The Stirling engine resides in the Revolt's trunk, powering such battery-draining features as the heater and defroster, and recharging the battery if it runs low. The engine makes it possible for the battery to concentrate on vehicle propulsion, meaning that the Revolt runs on pure electricity, thus producing zero harmful emissions.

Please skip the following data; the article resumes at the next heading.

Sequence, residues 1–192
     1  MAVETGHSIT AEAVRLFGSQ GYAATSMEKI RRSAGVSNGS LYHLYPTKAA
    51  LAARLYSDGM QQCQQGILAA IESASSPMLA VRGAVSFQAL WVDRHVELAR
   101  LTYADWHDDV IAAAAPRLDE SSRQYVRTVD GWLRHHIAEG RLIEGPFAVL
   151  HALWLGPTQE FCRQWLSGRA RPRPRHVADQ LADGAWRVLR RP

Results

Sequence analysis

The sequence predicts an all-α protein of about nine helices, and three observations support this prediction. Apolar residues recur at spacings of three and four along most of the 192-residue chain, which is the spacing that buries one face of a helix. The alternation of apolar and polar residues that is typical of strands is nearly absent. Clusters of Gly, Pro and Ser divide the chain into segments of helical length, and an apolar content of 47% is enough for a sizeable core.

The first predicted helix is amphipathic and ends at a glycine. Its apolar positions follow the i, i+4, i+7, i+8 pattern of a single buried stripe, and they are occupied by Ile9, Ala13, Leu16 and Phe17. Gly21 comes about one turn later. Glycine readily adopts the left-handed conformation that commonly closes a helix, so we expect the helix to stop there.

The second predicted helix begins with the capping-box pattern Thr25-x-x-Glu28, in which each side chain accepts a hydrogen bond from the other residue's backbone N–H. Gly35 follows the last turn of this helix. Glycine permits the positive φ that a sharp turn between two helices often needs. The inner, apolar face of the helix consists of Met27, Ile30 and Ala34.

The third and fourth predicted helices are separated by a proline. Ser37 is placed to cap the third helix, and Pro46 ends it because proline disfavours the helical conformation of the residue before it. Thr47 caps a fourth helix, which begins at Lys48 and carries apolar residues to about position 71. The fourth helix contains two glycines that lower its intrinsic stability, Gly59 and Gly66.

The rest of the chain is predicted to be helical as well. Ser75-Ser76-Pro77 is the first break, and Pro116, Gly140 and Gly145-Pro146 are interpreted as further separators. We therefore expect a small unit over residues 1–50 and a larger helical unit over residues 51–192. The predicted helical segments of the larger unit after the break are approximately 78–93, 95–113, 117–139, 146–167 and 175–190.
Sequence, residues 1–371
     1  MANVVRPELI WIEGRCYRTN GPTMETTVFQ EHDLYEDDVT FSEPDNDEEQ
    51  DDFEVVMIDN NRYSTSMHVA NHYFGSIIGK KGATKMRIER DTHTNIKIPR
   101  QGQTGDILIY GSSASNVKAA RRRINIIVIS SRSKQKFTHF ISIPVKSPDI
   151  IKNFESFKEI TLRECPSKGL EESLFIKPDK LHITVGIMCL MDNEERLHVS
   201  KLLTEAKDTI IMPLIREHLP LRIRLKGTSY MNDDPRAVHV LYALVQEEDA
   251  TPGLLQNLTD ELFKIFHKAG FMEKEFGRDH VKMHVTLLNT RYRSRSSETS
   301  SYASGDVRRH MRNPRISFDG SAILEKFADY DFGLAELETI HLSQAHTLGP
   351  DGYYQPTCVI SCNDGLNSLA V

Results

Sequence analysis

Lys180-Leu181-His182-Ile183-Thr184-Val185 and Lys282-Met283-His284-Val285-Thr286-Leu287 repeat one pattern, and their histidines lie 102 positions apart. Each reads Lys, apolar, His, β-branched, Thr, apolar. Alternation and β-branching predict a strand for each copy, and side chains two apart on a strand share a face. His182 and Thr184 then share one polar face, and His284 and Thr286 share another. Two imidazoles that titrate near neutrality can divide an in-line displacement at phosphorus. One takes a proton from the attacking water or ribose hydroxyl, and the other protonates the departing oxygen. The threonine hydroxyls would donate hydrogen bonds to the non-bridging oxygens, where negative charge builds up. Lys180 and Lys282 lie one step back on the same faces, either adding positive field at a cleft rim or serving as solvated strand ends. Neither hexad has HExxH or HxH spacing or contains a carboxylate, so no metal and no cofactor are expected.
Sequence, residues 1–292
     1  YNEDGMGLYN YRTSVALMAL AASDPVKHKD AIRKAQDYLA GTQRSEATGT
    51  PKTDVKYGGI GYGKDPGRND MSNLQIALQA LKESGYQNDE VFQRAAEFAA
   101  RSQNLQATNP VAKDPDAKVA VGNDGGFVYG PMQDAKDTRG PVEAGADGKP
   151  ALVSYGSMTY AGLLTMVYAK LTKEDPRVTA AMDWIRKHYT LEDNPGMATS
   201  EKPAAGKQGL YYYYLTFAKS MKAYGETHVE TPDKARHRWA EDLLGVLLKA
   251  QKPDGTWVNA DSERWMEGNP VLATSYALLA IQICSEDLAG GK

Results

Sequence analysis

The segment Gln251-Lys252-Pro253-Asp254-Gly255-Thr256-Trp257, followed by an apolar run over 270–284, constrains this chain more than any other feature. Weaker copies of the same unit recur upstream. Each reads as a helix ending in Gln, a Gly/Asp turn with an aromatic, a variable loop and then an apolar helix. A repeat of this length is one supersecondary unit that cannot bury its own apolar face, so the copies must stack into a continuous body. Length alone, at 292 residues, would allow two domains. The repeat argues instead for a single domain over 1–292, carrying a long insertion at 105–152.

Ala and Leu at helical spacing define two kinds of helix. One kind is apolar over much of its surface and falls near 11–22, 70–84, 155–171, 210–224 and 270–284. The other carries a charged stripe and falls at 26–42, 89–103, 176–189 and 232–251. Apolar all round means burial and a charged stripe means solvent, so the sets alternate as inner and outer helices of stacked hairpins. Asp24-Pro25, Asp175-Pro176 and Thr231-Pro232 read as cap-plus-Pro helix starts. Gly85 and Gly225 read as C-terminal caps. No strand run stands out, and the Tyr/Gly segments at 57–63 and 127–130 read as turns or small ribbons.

So when can consumers expect to see a Revolt in she showroom? Kamen is reportedly in talks with a group of Norwegian investors and hopes to have the vehicle ready for production within two years. Until then, he has a bit of advice for his large corporate competition: embrace change, adapt, and thrive.
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